In its opening salvo bringing bitcoin under the watchful eye of the federal government, the Financial Crimes Enforcement Network (FinCEN) issued a Guidance (FIN-2013-G001) in March 2013 clarifying that anti-money laundering regulations concerning record keeping and recording apply to digital currency exchanges.  Under this initial guidance, a bitcoin exchange that allows users to buy bitcoin with real currency and sell bitcoin for real currency must file as a money services business (MSB) as defined under the Bank Secrecy Act (BSA) with FinCEN (but a user who simply obtains virtual currency and uses it to purchase real or virtual goods or services would not be subject to FinCEN regulations).

Yesterday, FinCEN issued two additional rulings that answer questions submitted by two companies seeking guidance on whether they must register as MSBs and be subject to the accompanying reporting, recordkeeping and monitoring requirements.  These rulings are important in further clarifying the scope of its initial March 2013 guidance.

In FIN-2014-R011, “Request for Administrative Ruling on the Application of FinCEN’s Regulations to a Virtual Currency Trading Platform,” one company asked whether its plans to set up a virtual currency trading and booking platform would make it subject to FinCEN regulations.  Specifically, the company’s plan involved a trading system to match offers to buy and sell convertible virtual currency for real currency anonymously among the platform’s customers (inter-account transfers or payments from customer accounts to third-parties would be prohibited).  In response, the agency ruled that such a trading platform would be considered an MSB:

A person that accepts currency, funds, or any value that substitutes for currency, with the intent and/or effect of transmitting currency, funds, or any value that substitutes for currency to another person or location if a certain predetermined condition established by the transmitter is met, is a money transmitter under FinCEN’s regulations.” […] The Company is facilitating the transfer of value, both real and virtual, between third parties.

The method of funding the transactions is not relevant to the definition of money transmitter. An exchanger will be subject to the same obligations under FinCEN regulations regardless of whether the exchanger acts as a broker (attempting to match two (mostly) simultaneous and offsetting transactions involving the acceptance of one type of currency and the transmission of another) or as a dealer (transacting from its own reserve in either convertible virtual currency or real currency). Therefore, FinCEN finds that the Company is acting as an exchanger of convertible virtual currency, as that term was described in the Guidance.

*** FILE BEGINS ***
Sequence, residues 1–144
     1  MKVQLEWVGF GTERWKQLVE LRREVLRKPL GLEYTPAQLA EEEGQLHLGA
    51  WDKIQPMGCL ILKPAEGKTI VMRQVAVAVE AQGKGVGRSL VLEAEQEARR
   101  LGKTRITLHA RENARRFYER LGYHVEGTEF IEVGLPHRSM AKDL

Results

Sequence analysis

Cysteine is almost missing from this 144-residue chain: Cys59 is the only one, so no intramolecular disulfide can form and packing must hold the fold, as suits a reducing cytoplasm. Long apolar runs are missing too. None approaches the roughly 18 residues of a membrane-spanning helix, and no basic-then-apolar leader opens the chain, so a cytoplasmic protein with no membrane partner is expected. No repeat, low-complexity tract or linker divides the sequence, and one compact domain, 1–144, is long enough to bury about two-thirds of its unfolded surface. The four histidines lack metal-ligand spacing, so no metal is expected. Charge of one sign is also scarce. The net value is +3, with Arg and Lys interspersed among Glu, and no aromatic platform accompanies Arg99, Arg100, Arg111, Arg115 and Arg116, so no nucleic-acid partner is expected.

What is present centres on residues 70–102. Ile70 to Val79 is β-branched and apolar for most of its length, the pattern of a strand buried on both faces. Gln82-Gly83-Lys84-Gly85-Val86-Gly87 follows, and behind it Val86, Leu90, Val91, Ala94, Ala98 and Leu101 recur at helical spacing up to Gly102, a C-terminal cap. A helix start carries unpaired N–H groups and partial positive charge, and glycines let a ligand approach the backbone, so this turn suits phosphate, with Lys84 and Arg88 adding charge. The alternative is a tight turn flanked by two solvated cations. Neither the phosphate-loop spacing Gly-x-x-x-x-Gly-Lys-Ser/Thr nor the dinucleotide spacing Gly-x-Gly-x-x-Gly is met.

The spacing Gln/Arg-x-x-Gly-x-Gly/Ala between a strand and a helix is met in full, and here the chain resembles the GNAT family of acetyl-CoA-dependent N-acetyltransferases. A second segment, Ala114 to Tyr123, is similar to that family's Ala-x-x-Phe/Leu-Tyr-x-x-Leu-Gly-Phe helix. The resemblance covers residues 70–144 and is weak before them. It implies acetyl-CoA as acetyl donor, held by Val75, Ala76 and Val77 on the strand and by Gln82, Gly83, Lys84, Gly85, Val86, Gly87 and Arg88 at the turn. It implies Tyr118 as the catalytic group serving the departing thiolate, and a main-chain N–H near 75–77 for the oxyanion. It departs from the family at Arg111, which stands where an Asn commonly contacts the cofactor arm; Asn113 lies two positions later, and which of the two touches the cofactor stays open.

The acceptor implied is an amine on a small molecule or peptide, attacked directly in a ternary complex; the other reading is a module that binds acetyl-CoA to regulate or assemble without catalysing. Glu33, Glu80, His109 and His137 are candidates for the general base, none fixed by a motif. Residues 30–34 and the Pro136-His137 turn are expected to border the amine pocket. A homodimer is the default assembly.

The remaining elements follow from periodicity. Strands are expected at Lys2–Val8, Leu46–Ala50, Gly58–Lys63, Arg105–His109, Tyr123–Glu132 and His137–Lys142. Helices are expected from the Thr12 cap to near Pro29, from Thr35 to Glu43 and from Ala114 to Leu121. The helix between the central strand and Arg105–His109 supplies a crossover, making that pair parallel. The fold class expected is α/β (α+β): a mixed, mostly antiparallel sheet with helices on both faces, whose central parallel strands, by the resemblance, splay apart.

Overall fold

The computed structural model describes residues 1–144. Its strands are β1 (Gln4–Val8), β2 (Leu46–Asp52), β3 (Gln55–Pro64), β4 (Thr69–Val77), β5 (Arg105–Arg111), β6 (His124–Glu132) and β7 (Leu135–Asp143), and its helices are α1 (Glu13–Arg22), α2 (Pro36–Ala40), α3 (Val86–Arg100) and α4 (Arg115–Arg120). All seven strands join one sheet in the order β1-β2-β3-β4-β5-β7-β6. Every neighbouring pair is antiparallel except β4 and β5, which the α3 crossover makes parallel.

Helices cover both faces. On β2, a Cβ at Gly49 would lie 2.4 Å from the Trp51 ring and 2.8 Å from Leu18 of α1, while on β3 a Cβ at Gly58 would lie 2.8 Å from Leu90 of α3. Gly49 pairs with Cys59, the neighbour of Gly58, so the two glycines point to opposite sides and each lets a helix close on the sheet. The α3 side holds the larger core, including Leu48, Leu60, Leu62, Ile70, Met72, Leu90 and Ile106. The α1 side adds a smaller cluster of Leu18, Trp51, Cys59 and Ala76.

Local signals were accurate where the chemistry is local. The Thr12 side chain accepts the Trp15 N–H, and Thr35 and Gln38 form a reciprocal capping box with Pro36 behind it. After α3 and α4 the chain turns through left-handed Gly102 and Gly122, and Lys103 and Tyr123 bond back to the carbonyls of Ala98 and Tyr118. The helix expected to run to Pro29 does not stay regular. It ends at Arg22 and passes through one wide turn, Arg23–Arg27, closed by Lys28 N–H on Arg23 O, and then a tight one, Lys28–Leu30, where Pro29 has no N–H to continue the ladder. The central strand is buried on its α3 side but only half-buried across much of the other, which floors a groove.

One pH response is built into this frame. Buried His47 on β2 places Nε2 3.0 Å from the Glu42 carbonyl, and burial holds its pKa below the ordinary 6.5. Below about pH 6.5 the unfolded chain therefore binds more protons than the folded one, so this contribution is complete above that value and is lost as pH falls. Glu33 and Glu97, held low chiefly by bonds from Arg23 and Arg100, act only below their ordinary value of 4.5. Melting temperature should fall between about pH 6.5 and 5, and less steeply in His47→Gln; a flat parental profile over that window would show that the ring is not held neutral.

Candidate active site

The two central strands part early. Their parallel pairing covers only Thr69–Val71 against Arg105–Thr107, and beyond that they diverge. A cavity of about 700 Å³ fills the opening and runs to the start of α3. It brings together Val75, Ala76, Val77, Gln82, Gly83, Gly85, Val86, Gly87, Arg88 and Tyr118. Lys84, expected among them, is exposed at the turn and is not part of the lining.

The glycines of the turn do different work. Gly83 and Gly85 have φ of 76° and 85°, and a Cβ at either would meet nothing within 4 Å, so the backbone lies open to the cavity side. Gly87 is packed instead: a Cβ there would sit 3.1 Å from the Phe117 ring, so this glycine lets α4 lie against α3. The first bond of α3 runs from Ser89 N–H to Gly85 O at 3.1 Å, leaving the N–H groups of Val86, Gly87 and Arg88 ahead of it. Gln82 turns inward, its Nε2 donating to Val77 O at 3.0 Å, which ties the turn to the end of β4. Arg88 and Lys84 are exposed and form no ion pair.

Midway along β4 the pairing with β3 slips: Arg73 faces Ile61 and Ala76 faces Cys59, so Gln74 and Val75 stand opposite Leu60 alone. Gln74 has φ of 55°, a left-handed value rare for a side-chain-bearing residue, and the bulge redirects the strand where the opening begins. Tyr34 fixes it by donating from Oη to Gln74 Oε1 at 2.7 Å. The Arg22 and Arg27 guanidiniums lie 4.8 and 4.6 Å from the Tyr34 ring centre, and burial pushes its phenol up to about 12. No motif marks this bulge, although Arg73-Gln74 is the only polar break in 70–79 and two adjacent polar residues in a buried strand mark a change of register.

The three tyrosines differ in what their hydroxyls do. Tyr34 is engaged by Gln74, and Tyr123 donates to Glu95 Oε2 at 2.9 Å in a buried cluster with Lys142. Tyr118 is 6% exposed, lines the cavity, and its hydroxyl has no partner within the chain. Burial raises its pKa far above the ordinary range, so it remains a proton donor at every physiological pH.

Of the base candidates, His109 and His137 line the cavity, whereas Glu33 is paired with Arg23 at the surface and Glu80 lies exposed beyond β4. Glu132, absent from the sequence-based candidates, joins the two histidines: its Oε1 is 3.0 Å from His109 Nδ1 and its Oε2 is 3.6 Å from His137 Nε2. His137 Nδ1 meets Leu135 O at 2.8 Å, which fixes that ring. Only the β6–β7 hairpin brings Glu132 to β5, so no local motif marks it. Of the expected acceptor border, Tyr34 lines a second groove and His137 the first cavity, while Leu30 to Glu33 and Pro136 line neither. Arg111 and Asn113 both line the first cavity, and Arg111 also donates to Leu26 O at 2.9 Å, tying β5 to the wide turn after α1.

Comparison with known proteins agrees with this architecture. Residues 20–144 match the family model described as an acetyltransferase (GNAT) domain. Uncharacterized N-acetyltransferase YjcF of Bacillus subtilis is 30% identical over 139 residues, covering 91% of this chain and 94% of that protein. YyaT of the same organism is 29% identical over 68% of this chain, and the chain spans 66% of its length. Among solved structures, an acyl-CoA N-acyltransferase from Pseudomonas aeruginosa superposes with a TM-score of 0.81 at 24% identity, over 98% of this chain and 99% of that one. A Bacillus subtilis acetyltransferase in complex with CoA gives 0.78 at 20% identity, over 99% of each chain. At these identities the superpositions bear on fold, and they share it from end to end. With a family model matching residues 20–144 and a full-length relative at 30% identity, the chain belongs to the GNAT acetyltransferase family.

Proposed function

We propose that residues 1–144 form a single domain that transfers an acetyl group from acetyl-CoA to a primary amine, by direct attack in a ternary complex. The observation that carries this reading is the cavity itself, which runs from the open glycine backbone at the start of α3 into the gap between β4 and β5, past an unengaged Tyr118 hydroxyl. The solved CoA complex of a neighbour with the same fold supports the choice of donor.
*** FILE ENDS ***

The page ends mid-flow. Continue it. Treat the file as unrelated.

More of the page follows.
In FIN-2014-R012, “Request for Administrative Ruling on the Application of FinCEN’s Regulations to a Virtual Currency Payment System,” another company asked whether a proposed convertible virtual currency payment system for the hotel industry that accepted customers’ credit card payments and transferred the payments to the merchants in the form of bitcoin (presumably to avoid substantial foreign exchange risks in Latin America) would make the company a MSB.  Under such a payment system, the merchants would be paid using the company’s own large reserve of bitcoins.  FinCEN responded that if the company sets up such a payment system, the company would be a money transmitter and subject to regulations because “it engages as a business in accepting and converting the customer’s real currency into virtual currency for transmission to the merchant.”

The agency further stated:

The fact that the Company uses its cache of Bitcoin to pay the merchant is not relevant to whether it fits within the definition of money transmitter. An exchanger will be subject to the same obligations under FinCEN regulations regardless of whether the exchanger acts as a broker (attempting to match two (mostly) simultaneous and offsetting transactions involving the acceptance of one type of currency and the transmission of another) or as a dealer (transacting from its own reserve in either convertible virtual currency or real currency).

As the bitcoin ecosystem matures and new business models develop, the reach of federal anti-money laundering regulations may be unclear in certain circumstances.  We will keep you posted as we learn more and work through these issues with our clients.